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H5N1 and 1918 pandemic influenza virus infection results in early and excessive infiltration of macrophages and neutrophils in the lungs of mice.

Perrone LA, Plowden JK, García-Sastre A, Katz JM, Tumpey TM - PLoS Pathog. (2008)

Bottom Line: Fatal human respiratory disease associated with the 1918 pandemic influenza virus and potentially pandemic H5N1 viruses is characterized by severe lung pathology, including pulmonary edema and extensive inflammatory infiltrate.Interestingly, while these similarities were observed, the HP H5N1 virus consistently elicited significantly higher levels of pro-inflammatory cytokines in whole lungs and primary human macrophages, revealing a potentially critical difference in the pathogenesis of H5N1 infections.These results together indicate that infection with HP influenza viruses such as H5N1 and the 1918 pandemic virus leads to a rapid cell recruitment of macrophages and neutrophils into the lungs, suggesting that these cells play a role in acute lung inflammation associated with HP influenza virus infection.

View Article: PubMed Central - PubMed

Affiliation: Immunology and Pathogenesis Branch, Influenza Division, National Center for Immunization and Respiratory Diseases, Collaborating Centers for Infectious Diseases, Centers for Disease Control and Prevention, Atlanta, Georgia, United States of America.

ABSTRACT
Fatal human respiratory disease associated with the 1918 pandemic influenza virus and potentially pandemic H5N1 viruses is characterized by severe lung pathology, including pulmonary edema and extensive inflammatory infiltrate. Here, we quantified the cellular immune response to infection in the mouse lung by flow cytometry and demonstrate that mice infected with highly pathogenic (HP) H1N1 and H5N1 influenza viruses exhibit significantly high numbers of macrophages and neutrophils in the lungs compared to mice infected with low pathogenic (LP) viruses. Mice infected with the 1918 pandemic virus and a recent H5N1 human isolate show considerable similarities in overall lung cellularity, lung immune cell sub-population composition, and cellular immune temporal dynamics. Interestingly, while these similarities were observed, the HP H5N1 virus consistently elicited significantly higher levels of pro-inflammatory cytokines in whole lungs and primary human macrophages, revealing a potentially critical difference in the pathogenesis of H5N1 infections. Primary mouse and human macrophages and dendritic cells were also susceptible to 1918 and H5N1 influenza virus infection in vitro. These results together indicate that infection with HP influenza viruses such as H5N1 and the 1918 pandemic virus leads to a rapid cell recruitment of macrophages and neutrophils into the lungs, suggesting that these cells play a role in acute lung inflammation associated with HP influenza virus infection.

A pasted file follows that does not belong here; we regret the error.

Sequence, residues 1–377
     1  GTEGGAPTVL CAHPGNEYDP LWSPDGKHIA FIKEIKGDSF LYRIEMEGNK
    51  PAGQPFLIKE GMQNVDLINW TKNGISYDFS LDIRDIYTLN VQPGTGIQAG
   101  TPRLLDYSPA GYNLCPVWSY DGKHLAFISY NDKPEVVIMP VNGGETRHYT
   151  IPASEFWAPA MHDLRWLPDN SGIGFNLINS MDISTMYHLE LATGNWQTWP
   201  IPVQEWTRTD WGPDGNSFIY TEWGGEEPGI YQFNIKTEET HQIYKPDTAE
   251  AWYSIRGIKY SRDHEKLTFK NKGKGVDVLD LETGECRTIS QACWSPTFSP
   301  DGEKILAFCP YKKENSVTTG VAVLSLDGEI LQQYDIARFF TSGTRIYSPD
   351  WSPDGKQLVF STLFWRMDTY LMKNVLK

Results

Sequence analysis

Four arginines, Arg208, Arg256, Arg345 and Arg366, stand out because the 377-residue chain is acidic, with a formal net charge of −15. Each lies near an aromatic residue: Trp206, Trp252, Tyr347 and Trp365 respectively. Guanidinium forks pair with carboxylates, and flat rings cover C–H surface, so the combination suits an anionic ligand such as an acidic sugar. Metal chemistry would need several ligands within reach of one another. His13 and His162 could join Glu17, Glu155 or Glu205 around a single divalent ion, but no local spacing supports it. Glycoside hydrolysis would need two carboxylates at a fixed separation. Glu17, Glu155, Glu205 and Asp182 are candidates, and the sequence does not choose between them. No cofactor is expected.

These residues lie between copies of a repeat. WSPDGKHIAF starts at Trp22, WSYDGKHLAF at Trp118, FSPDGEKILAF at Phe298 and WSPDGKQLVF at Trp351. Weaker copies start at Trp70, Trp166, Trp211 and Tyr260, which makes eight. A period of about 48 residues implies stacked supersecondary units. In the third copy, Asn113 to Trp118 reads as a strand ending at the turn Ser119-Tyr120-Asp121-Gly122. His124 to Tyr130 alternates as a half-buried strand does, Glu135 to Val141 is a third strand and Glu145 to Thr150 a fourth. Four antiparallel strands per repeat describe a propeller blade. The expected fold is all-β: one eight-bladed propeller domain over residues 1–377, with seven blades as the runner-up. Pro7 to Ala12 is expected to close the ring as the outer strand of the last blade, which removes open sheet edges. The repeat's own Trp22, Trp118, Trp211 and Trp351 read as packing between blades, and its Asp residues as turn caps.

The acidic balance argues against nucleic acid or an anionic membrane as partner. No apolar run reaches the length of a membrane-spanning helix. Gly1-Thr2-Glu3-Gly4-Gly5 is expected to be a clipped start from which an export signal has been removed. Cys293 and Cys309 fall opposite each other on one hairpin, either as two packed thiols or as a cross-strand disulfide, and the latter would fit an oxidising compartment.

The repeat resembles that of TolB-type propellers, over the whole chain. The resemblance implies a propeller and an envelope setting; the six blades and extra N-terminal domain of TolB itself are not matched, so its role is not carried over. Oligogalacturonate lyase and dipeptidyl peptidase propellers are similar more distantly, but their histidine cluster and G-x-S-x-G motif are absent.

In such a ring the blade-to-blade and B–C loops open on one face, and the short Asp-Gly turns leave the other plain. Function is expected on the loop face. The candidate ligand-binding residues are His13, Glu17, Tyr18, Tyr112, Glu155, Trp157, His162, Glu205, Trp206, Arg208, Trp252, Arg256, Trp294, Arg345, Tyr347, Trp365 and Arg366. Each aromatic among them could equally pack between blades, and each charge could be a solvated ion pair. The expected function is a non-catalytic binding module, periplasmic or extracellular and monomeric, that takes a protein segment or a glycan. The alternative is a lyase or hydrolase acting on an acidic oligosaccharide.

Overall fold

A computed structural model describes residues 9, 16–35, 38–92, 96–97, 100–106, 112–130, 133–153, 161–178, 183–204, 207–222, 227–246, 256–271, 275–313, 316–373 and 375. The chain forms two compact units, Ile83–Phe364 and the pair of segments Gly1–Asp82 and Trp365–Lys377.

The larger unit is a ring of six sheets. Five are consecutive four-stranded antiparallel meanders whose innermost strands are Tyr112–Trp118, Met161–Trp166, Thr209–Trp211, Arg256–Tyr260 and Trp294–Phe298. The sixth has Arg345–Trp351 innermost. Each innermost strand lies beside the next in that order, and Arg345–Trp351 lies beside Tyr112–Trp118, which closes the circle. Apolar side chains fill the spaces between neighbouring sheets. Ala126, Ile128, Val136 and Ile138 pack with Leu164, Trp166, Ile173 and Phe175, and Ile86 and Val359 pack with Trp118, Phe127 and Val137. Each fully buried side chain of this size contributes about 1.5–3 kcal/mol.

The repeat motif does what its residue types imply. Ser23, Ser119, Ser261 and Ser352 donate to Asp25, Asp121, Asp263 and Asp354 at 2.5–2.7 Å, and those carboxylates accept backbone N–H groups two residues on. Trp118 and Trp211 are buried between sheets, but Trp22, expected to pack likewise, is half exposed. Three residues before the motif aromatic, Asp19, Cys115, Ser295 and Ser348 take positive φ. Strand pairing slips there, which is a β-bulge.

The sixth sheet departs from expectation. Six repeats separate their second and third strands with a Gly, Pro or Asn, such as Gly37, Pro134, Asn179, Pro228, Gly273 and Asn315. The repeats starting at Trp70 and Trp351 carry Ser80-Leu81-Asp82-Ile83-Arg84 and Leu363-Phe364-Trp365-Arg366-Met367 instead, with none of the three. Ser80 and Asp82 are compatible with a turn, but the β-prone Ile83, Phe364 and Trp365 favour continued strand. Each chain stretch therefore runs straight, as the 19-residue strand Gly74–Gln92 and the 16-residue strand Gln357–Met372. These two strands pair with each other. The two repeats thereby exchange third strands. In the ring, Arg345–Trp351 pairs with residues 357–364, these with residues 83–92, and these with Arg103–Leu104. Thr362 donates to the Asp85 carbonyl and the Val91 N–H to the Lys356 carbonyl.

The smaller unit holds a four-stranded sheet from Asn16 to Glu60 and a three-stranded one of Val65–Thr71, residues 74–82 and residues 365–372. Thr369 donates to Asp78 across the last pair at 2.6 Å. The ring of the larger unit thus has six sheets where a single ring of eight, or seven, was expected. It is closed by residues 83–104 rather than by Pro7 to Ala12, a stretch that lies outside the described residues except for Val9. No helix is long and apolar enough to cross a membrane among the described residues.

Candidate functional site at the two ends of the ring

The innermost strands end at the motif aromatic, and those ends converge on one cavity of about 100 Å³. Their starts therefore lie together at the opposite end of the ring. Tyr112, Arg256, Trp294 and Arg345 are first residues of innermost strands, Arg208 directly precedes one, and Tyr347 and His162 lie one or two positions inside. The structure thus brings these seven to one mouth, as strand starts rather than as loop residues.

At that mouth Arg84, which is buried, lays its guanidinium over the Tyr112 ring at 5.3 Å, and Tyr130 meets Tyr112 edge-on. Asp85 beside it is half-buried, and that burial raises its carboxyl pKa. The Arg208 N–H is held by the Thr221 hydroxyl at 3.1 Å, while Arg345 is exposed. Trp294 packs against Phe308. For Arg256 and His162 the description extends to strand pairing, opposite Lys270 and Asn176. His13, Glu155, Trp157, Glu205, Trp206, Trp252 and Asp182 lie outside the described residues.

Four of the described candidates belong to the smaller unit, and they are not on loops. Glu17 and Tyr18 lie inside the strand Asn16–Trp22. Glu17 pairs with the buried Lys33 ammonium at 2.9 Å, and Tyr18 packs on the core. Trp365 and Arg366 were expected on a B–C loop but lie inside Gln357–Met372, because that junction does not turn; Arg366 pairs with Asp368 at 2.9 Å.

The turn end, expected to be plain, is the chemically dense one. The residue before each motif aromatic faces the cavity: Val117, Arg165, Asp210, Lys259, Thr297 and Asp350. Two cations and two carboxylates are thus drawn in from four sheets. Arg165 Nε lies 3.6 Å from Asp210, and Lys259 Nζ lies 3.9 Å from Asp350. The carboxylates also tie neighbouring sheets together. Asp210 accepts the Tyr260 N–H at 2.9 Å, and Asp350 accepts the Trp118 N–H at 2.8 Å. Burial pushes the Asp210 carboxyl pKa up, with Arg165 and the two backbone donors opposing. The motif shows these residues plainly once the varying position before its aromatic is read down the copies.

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Related in: MedlinePlus

Virus replication from primary lung macrophages and dendritic cells cultured ex vivo.BALB/c mice were infected intranasally with 102 PFU of the indicated viruses. Three days post-inoculation, lungs were removed from 2–3 mice per virus group. Cell suspensions were prepared from pooled samples and macrophages (A) and dendritic cells (B) were isolated by CD11b+ ad CD11c+ MACS column purification, respectively. Supernatants from cultures were sampled over time to measure virus production. Virus was titered in duplicate by plaque assay.